26.2 miles is much too far to be helpful.
Then I fell in love with trail running. The kids and I love hiking, and so being able to enjoy my solitude of running while moving at a much faster pace (than with the kids) on the trails became my favorite way to treat Dysautonomia. Plus, being alone in the woods basically feels like you’re with a counselor. It’s the best therapy.
I still didn’t have any interest in racing, so I was happy to chill with the kids as Chris did a 27 mile trail race, a 50K trail race, a trail race series, and an absolutely insane 50 mile trail race.
But when he returned from his 50 mile race, he told me, rather pensively, that he really thought I should do the 27 mile race at Lake Martin with him (which is just one measly loop of the two loops he’d just finished.) His reasons: we enjoy running in the woods together, it was a beautiful course, and he believed that I could do it.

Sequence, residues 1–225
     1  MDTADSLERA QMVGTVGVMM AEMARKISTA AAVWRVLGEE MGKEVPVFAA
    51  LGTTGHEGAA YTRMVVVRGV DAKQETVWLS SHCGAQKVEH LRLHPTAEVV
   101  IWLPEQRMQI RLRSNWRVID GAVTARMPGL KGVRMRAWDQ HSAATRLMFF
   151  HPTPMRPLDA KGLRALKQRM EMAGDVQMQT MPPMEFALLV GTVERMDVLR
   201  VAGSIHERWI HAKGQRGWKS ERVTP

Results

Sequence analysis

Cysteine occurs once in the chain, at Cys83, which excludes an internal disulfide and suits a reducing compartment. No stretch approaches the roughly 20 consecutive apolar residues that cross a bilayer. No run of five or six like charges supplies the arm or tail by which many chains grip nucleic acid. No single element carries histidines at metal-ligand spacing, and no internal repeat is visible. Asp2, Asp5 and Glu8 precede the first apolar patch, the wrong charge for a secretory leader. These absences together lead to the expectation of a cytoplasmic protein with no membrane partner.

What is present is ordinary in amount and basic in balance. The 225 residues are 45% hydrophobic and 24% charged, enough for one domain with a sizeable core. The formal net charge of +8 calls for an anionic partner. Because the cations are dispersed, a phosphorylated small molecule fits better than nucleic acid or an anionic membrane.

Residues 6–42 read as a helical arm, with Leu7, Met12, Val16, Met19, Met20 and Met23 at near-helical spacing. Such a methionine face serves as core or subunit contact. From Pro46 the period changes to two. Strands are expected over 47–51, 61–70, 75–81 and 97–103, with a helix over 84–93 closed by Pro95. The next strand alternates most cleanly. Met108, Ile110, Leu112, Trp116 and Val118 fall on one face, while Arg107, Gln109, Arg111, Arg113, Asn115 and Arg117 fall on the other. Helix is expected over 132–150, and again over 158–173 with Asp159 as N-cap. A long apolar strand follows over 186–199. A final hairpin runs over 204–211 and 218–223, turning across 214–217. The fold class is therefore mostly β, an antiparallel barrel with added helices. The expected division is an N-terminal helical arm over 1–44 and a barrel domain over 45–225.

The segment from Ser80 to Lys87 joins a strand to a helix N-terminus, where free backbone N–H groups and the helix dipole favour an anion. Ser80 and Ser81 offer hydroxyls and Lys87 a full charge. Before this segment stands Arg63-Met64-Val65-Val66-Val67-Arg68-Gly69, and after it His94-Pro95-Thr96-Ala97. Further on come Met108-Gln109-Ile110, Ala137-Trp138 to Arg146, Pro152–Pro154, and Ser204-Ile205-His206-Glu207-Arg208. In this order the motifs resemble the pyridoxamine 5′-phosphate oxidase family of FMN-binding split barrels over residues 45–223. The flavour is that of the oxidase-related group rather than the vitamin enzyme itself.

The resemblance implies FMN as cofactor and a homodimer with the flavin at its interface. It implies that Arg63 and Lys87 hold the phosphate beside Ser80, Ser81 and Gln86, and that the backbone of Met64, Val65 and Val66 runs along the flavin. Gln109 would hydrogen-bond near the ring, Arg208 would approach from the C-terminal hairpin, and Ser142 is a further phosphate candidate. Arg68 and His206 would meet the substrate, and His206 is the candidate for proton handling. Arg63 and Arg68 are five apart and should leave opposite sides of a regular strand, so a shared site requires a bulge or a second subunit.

I ignored him for a few months.
Then I ignored him a little longer.
Then I had a hysterectomy and he quit mentioning it, as the race would be 90 days post-surgery.
Then, three weeks before the race, I texted him.
“Sign me up. The kids are going to my parent’s for that weekend. I want to do Lake Martin.”
I was completely uncertain if I could finish the race, but I was willing to try.
Then the anxiety set in. What was I going to permanently damage? Would I fall? I do tend to maim myself when I fall…What if I am unable to move anymore when I’m miles from an aid station? How many more months of physical therapy would this race buy me?
I hardly slept two nights before the race, and the day before I was a sleep-deprived anxiety bubble. I just wanted to enjoy a weekend away with my husband, but for some reason this race had really gotten under my skin.